Duchovny, David. Bucky F*cking Dent. Farrar. Apr. 2016. 304p. ISBN 9780374110420. $26; ebk. ISBN 9780374714765. CD: Macmillan Audio. LITERARY
A quirky but heartfelt fable like his New York Times best-selling Holy Cow, this new work by Golden Globe Award–winning actor Duchovny features Carter administration–era Ivy Leaguer Ted Fullilove, who sells peanuts at Yankee Stadium while churning out multiple drafts of (he wishes) the Great American Novel. But when estranged dad Marty announces that he is dying of cancer, Ted returns home and seeks to raise Marty’s spirits by creating the illusion that his beloved but foundering Red Sox are on a winning streak. Good writing? Let’s remember that Duchovny nearly got his doctorate in English from Yale.
Gonzales, Manuel. The Regional Office is Under Attack! Riverhead. Apr. 2016. 416p. ISBN 9781594632419. $27.95; ebk. ISBN 9780698139367. Downloadable: Penguin Audio. LITERARY/SF
In a dark and dangerous world, it’s good to have the Regional Office around, fielding its team of crack female assassins to keep everyone safe. But now the august Office is under fierce attack, with newbie assassin Rose, recruited by an Office malcontent, in the avant-garde; loyal Sarah is spearheading the defense. Sounds like standard sf fare, but rising star Gonzales’s debut story collection, The Miniature Wife, won the American Academy of Arts and Letters Sue Kaufman Prize for First Fiction, so you can expect literary tone and intent within the sf framework.
Hamilton, Jane. The Excellent Lombards. Grand Central. Apr. 2016. 288p. ISBN 9781455564224. $26; ebk. ISBN 9781455564217. lib. ebk. ISBN 9781455594092. Downloadable: Hachette Audio. LITERARY/FAMILY LIFE
Hamilton’s The Book of Ruth (1988) and A Map of the World (1994) were both PEN Faulkner Award winners and Oprah’s Book Club picks, and both were adapted for the screen, small and large, respectively. Here Hamilton revisits the Midwest farm setting that her fans know and love, introducing teenage Mary Frances “Frankie” Lombard. Frankie adores her family’s sunlit apple orchard and her criss-crossed family itself. But she knows that good things cannot last—not everyone in the family has stayed on the land—and the novel shows her facing facts and growing up. With a 40,000-copy first printing.
Hellenga, Robert. The Truth About Death: And Other Stories. Bloomsbury USA. Apr. 2016. 256p. ISBN 9781455564224. $26. SHORT STORIES
Hellenga is a real reader’s writer, winning committed fans with intelligent and emotionally grounded novels ranging from The Sixteen Pleasures to The Confessions of Frances Godwin; as the LJ review of Confessions says, “he deserves to be more widely known.” This collection of short fiction ranges widely, with the title novella summing up the mood: undertaker Simon embalms his father, contemplating his own death; his mother says good-bye to her husband in the basement cooler; and the dog, Maya, a sensitive greeter at the funeral home, communicates some important truths to Simon’s wife. Suggesting the light twisting of a dark subject, a plate of spaghetti cacio e pepe, which Simon eats while dining with an undertaker in Rome, figures in the plot.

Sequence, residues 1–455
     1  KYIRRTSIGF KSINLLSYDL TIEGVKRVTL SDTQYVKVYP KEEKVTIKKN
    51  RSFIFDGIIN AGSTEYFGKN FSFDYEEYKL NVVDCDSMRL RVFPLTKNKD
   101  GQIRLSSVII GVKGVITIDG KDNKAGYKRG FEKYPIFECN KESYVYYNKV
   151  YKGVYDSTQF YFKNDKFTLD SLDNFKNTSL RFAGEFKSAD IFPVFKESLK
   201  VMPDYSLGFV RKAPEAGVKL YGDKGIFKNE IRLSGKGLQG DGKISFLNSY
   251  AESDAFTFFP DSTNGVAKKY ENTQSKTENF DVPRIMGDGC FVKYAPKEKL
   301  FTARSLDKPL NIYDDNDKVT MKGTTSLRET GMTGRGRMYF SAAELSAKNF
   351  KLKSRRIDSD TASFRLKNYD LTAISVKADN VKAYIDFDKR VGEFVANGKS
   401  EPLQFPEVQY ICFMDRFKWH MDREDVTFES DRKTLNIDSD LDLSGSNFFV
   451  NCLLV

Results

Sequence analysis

Lynch, Jim. Before the Wind. Knopf. Apr. 2016. 304p. ISBN 9780307958983. $26.95; ebk. ISBN 9780307958990. LITERARY
Lynch has won some nice honors—e.g., the Indies Choice Honor Book Award and the Pacific Northwest Booksellers Award—plus appreciative reviews in venues like the New York Times and the Daily Beast; Border Songs, a tender, incisive look at the divisions among us, is a personal favorite. Now it’s breakout time. The Johannssens are a great sailing family famed for designing, building, and racing sailboats. But while 31-year-old Josh devotes himself to sailboat repair, siblings Ruby and Bernard have made some very big waves by moving far away from the family’s Puget Sound base. All the Johannssens reunite, however, to sail an historic, family-built vessel in a key race, and, not surprisingly, some salty, stinging revelations come out. Lots of promotion and an East Coast–West Coast tour.
Smith, Dominic. The Last Painting of Sara de Vos. Sarah Crichton: Farrar. Apr. 2016. 304p. ISBN 9780374106683. $26; ebk. ISBN 9780374714048. CD/downloadable: Macmillan Audio. LITERARY/HISTORICAL
A Pushcart Prize nominee and the winner of several fellowships both here and in his native Australia (he now lives in Austin, TX), Smith crafts a novel about three individuals connected over centuries by a single painting. In 1631, Sara de Vos is the first woman to be admitted as a master painter to the Guild of St. Luke’s in Holland. Now, her only surviving painting belongs to a wealthy descendant of the original owner, though it was forged by celebrated art historian Ellie Shipley in her desperate youth, when she needed to pay the rent. That’s a problem, because she’s currently curated a show on Dutch women painters. Luscious-sounding, and I’m hearing good things.
Vestal, Shawn. Daredevils. Penguin Pr. Apr. 2016. 320p. ISBN 9781101979891. $26.95; ebk. ISBN 9781101979914. LITERARY
As winner of 2014’s PEN Robert W. Bingham Prize for his story collection, Godforsaken Idaho, Vestal can be expected to bring sharp literary skills to a plot reflecting current events, though it is set in the 1970s. When 15-year-old Loretta is caught sneaking from her bedroom to meet a lad who’s not Mormon, her righteously indignant parents marry her off to Dean Harder, a far-from-gentle fundamentalist who already has a wife and children. Then Loretta catches the eye of Harder’s teenage nephew Jason, and the two dare to escape from their closed-in world, which makes for a real pins-and-needles road-trip novel. Like Idaho, but in a bigger way, this book contemplates issues of faith, the meaning of masculinity, and the myths of the American West.